The Portsmouth Gaseous Diffusion Plant is located near the village of Piketon.

PIKETON — An Oklahoma-based gas company is looking to set-up operations in the former Portsmouth Gaseous Diffusion Plant, following an announcement earlier this week from the Southern Ohio Diversification Initiative.

On Monday, Newpoint Gas, LLC, signed a letter of intent and right of first refusal to purchase land on the 3,777-acre site.

As Wiley Rhodes, CEO of Newpoint Gas, told the News Watchman conversations have been ongoing since 2020 between his company and local parties, such as SODI and the Ohio University Voinovich School of Leadership and Public Service regarding the “Green Energy and Manufacturing” Initiative or “GEM.”

Per a release, this initiative is a bipartisan, labor-focused, functioning public-private partnership that is the result of a 12-year effort to establish a transformational economic development strategy coordinated under the leadership of SODI and OU.

The PORTS site, which operated from 1954 to 2001, has mostly sat vacant in this millennium with exception for the ongoing cleanup efforts. With this project, Rhodes sees an opportunity to reverse that.

“It was an opportunity to be able to utilize what has been there for decades,” he said in a phone interview on Tuesday.

SODI Executive Director Steve Shepherd shared similar remarks in a released statement, calling the agreement with Newpoint Gas a “monumental step.”

“By reindustrializing the former PORTS facility, we will be a nation-leading example – right here in Southern Ohio – of transforming a federal liability into a taxpayer asset that increases economic stability in struggling areas,” he said.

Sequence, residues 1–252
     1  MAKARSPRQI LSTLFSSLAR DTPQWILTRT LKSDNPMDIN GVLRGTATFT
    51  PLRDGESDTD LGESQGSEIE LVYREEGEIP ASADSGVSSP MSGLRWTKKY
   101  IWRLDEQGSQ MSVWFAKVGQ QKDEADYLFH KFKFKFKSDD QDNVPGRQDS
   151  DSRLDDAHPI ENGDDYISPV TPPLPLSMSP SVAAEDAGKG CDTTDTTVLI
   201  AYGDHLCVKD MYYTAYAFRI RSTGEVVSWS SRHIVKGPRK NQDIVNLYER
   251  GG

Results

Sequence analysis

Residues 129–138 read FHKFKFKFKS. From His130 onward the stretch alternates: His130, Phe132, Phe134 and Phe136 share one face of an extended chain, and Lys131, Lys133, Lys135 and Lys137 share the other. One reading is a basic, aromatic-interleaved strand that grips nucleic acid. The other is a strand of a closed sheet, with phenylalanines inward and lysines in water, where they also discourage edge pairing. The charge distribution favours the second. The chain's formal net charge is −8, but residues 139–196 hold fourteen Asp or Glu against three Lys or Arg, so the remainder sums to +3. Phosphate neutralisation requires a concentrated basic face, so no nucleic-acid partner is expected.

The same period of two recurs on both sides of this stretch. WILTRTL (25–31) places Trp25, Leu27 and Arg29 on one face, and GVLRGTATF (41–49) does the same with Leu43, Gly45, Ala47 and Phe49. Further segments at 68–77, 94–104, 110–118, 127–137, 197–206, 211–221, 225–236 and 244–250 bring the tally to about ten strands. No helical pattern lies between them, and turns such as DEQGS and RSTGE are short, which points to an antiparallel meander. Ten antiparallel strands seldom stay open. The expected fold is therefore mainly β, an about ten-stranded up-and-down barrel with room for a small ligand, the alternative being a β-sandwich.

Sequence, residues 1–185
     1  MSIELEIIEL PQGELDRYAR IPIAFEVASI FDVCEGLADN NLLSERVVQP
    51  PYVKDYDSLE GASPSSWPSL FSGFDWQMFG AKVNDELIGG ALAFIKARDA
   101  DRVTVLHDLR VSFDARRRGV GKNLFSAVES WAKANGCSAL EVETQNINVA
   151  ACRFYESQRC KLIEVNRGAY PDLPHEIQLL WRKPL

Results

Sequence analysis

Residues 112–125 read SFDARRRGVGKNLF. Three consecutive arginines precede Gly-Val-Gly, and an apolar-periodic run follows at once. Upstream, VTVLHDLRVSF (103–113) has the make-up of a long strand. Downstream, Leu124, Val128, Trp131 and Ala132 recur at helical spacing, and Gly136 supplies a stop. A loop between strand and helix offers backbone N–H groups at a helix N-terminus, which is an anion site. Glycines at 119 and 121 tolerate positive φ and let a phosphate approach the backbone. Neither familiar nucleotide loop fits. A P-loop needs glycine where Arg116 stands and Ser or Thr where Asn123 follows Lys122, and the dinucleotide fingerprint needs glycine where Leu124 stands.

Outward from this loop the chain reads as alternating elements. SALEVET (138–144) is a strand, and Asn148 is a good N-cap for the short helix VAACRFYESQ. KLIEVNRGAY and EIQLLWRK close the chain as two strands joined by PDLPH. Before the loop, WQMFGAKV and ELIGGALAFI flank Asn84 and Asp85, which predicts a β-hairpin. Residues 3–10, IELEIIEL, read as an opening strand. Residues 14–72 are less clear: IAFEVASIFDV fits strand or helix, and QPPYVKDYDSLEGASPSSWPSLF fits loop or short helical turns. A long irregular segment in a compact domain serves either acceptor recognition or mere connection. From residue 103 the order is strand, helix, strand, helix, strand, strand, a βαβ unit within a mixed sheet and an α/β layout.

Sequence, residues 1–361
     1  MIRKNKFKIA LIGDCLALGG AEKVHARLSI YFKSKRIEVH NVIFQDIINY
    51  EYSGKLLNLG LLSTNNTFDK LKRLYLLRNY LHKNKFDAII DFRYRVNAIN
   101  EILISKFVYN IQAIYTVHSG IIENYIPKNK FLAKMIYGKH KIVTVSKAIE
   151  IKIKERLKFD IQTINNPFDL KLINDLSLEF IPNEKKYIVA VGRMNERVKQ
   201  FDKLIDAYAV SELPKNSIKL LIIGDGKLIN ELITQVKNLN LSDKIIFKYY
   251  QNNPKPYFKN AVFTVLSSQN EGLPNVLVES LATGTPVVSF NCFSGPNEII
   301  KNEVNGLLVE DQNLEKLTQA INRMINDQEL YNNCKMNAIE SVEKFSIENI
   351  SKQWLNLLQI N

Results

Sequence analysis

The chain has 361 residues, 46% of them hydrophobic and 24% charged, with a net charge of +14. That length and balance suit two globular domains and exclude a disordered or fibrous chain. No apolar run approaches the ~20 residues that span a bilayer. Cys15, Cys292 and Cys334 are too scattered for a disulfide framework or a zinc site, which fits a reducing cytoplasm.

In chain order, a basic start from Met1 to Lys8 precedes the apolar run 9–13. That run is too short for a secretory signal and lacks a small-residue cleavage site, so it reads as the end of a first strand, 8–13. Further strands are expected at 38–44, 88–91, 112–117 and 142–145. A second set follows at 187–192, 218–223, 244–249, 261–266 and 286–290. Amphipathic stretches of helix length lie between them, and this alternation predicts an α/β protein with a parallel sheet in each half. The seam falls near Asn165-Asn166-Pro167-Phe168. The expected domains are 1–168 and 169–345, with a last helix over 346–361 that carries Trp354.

An exact timeline for when this development will hit the pavement is still in the works, as the proper paperwork needs to be in-place first. What is known currently is what that new facility will be.

This reindustrialization will transition the A-plant into a power generation facility fueled by clean hydrogen. This facility will operate as an Integrated Energy System and Manufacturing complex, meaning it would cut down on wasted energy and be more efficient.

From power generation, manufacturing, and transportation, the complex is projected to create high-paying union jobs.

SODI counsel Kevin Shoemaker said the complex will look to take advantage of the high number of trained individuals already working on the site.

“There would hopefully be a transition of folks on the cleanup process towards the new jobs that would be created here,” he said.

For additional training, Rhodes said his company would continue to work alongside SODI, OU, and local labor organizations.

Among those groups is the Ohio American Federation of Labor-Congress of International Organizations.

“Organized labor has been working closely with industry and community leaders with the goal of creating good-paying union jobs for workers in the region,” said Tim Burga, President of the Ohio AFL-CIO in a released statement. “As this venture moves forward, we will call for government support to ensure this project is transformative in a part of our state that has all too often been left behind.”

Shoemaker projected a loose timeline of three years to get business moving at the plant. This means the ongoing cleanup would coincide with the Newpoint Gas development.

As of the latest, demolition of the X-326 process building was approximately 60% complete according to acting Department of Energy Site Lead Jeremy Davis.

While structural demolition of the process building, one of three on-site, has an estimated completion by the end of 2022, the timeline extends all the way to 2035 for the entire cleanup.

Contact Patrick Keck at pkeck@newswatchman.com or by phone at 740-947-2149, ext. 300431 and follow him on Twitter @pkeckreporter.

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